Area under the curve
Ssoluble fms-like tyrosine kinase-1
Vascular endothelial growth factor.
Fiusa MML, Costa-Lima C, de Souza GR, Vigorito AC, Aranha FJP, Lorand-Metze I, Annichino-Bizzacchi JM, de Souza CA, De Paula EV: A high angiopoietin-2/angiopoietin-1 ratio is associated with a high risk of septic shock in patients with febrile neutropenia. Crit Care 2013, 17: R169. 10.1186/cc12848
Maisonpierre PC, Suri C, Jones PF, Bartunkova S, Wiegand SJ, Radziejewski C, Compton D, Mclain J, Aldrich TH, Papadopoulos N, Daly TJ, Davis S, Sato TN, Yancopoulos GD: Angiopoietin-2, a natural antagonist for Tie-2 that disrupts in vivo angiogenesis. Science 1997, 277: 55-60. 10.1126/science.277.5322.55
Lobov IB, Brooks PC, Lang RA: Angiopoietin-2 displays VEGF-dependent modulation of capillary structure and endothelial cell survival in vivo . Proc Natl Acad Sci U S A 2002, 99: 11205-11210. 10.1073/pnas.172161899
Thurston G, Suri C, Smith K, McClain J, Sato TN, Yancopoulous GD, McDonald DM: Leakage-resistant blood vessels in mice transgenically overexpressing angiopoietin-1. Science 1999, 286: 2511-2514. 10.1126/science.286.5449.2511
van der Flier M, van Leeuwen HJ, van Kessel KP, Kimpen JL, Hoepelman AI, Geelen SP: Plasma vascular endothelial growth factor in severe sepsis. Shock 2005, 23: 35-38. 10.1097/01.shk.0000150728.91155.41
Kumpers P, Gueler F, David S, Slyke PV, Dumont DJ, Park JK, Bockmeyer CL, Parikh SM, Pavenstadt H, Haller H, Shushakova N: The synthetic Tie2 peptide vasculotide protects against vascular leakage and reduces mortality in murine abdominal sepsis. Crit Care 2011, 15: R261. 10.1186/cc10523
David S, Park JK, Meurs M, Zijlstra JG, Koenecke C, Schrimpf C, Shushakova N, Gueler F, Haller H, Kumpers P: Acute administration of recombinant Angiopoietin-1 ameliorates multiple-organ dysfunction syndrome and improves survival in murine sepsis. Cytokine 2011, 55: 251-259. 10.1016/j.cyto.2011.04.005
Kim DH, Jung YJ, Lee AS, Lee S, Kang KP, Lee TH, Lee SY, Jang KY, Moon WS, Choi KS, Yoon KH, Sung MJ, Park SK, Kim W: COMP-angiopoietin-1 decreases lipopolysaccharide-induced acute kidney injury. Kidney Int 2009, 76: 1180-1191. 10.1038/ki.2009.387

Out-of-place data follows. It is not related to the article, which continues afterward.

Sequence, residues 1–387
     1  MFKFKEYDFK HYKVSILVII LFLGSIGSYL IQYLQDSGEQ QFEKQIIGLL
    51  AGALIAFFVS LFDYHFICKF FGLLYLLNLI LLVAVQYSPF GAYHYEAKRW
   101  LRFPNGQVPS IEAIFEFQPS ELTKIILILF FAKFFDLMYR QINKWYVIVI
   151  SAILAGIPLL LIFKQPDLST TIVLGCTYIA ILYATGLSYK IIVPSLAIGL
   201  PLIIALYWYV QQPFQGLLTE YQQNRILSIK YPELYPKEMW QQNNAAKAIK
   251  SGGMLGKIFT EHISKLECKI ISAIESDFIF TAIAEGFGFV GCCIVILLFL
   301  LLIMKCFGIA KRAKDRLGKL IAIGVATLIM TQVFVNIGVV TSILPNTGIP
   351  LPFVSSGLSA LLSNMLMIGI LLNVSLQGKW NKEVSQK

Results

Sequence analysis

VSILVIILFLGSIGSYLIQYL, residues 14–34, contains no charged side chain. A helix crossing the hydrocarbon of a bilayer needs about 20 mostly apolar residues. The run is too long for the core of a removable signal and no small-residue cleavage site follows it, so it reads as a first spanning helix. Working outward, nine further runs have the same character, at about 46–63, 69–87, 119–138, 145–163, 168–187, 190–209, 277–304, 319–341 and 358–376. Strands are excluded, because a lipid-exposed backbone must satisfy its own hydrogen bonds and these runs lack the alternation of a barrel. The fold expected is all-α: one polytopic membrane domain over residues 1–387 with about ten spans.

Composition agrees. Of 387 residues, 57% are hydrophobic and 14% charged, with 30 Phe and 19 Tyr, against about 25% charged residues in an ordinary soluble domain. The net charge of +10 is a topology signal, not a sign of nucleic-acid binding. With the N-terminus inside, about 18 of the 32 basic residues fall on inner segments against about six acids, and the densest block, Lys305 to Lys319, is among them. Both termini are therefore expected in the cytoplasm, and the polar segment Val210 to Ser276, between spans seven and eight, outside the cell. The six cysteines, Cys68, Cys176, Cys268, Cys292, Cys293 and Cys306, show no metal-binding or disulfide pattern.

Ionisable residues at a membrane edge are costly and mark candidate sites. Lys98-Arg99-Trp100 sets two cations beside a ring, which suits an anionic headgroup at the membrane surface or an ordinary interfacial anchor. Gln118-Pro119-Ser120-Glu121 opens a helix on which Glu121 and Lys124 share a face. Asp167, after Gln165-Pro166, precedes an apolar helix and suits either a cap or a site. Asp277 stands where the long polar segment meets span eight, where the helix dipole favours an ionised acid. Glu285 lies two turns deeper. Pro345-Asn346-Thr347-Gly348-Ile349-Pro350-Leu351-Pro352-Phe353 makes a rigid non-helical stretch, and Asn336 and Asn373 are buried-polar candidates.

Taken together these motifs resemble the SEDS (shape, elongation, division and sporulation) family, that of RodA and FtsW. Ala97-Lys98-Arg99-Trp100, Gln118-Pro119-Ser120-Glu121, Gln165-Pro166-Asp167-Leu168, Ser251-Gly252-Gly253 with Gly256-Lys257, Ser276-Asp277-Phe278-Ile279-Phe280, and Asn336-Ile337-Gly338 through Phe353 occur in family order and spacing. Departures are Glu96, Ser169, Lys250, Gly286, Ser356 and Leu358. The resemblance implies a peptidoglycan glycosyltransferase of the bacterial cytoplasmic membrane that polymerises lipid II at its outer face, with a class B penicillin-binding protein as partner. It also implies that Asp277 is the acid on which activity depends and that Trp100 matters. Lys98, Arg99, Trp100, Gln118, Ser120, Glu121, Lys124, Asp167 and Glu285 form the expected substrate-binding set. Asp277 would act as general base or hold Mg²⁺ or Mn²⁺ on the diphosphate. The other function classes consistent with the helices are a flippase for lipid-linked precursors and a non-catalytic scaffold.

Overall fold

Ziegler T, Horstkotte J, Schwab C, Pfetsch V, Weinmann K, Dietzel S, Rohwedder I, Hinkel R, Gross L, Lee S, Hu J, Soehnlein O, Franz WM, Sperandio M, Pohl U, Thomas M, Weber C, Augustin HG, Fassler R, Deutsch U, Kupatt C: Angiopoietin 2 mediates microvascular and hemodynamic alterations in sepsis. J Clin Invest 2013. Epub ahead of print
Mankhambo LA, Banda DL, Jeffers G, White SA, Balmer P, Nkhoma S, Phiri H, Molyneux EM, Hart CA, Molyneux ME, Heyderman RS, Carrol ED: The role of angiogenic factors predicting clinical outcome in severe bacterial infection in Malawian children. Crit Care 2010, 14: R91. 10.1186/cc9025
Guiliano JS, Lahni PM, Harmon K, Wong HR, Dought LA, Carcillo JA, Zingarelli B, Sukhatme VP, Parikh SM, Wheeler DS: Admission angiopoietin levels in children with septic shock. Shock 2007, 28: 650-654.
Parikh SM, Mammoto T, Schultz A, Yuan HT, Christiani D, Karamanchi SA, Sukhatme VP: Excess circulating angiopoietins-2 may contribute to pulmonary vascular leak in sepsis in humans. PLoS Med 2006, 3: e46. 10.1371/journal.pmed.0030046
Orfanos SE, Kotanidou A, Glynos C, Athansiou C, Tsigkos S, Dimopoulou I, Sotiropoulou C, Zakynthinos S, Armaganidis A, Papapetropoulos A, Roussos C: Angiopoietin-2 is increased in severe sepsis: correlation with inflammatory mediators. Crit Care Med 2007, 35: 199-2006. 10.1097/01.CCM.0000251640.77679.D7
Siner JM, Bhandari V, Engle KM, Elias JA, Siegel MD: Elevated serum angiopoietin-2 levels are associated with increased mortality in sepsis. Shock 2009, 31: 348-353. 10.1097/SHK.0b013e318188bd06
Alves BE, Montalvao SA, Aranha FJ, Siegl TF, Souza CA, Lorand-Metze I, Annichino-Bizzacchi JM, De Paula EV: Imbalances in serum angiopoietins concentrations are early predictors of septic shock development in patients with post chemotherapy febrile neutropenia. BMC Infect Dis 2010, 10: 143. 10.1186/1471-2334-10-143
Ricciuto DR, Dos Santos CC, Hawkes M, Toltl LJ, Conroy AL, Rajwans N, Lafferty EI, Cook DJ, Fox-Robichaud A, Kahnamoui K, Kain KC, Liaw PC, Liles WC: Angiopoietin-2 and angiopoietin-1 as clinically informative prognostic biomarkers of morbidity and mortality in severe sepsis. Crit Care Med 2011, 39: 702-710. 10.1097/CCM.0b013e318206d285
David S, Mukherjee A, Ghosh CC, Yano M, Khankin EV, Wenger JB, Karumanchi SA, Shapiro NI, Parikh SM: Angiopoietin-2 may contribute to multiple organ dysfunction and death in sepsis. Crit Care Med 2012, 40: 3034-3041. 10.1097/CCM.0b013e31825fdc31
Rivers E, Nguyen B, Havstad S, Ressler J, Muzzin A, Knoblich B, Peterson E, Tomlanovich M, Early Goal Directed Therapy Collaborative Group: Early goal-directed therapy in the treatment of severe sepsis and septic shock. N Engl J Med 2001, 345: 1368-1377. 10.1056/NEJMoa010307
The author declares that he has no competing interests.
About this article
Cite this article
Siner, J.M. A tale of two ligands: angiopoietins, the endothelium, and outcomes. Crit Care 17, 1007 (2013). https://doi.org/10.1186/cc13066
- Vascular Endothelial Growth Factor
- Septic Shock
- Febrile Neutropenia
- Vascular Stability
- Receive Stem Cell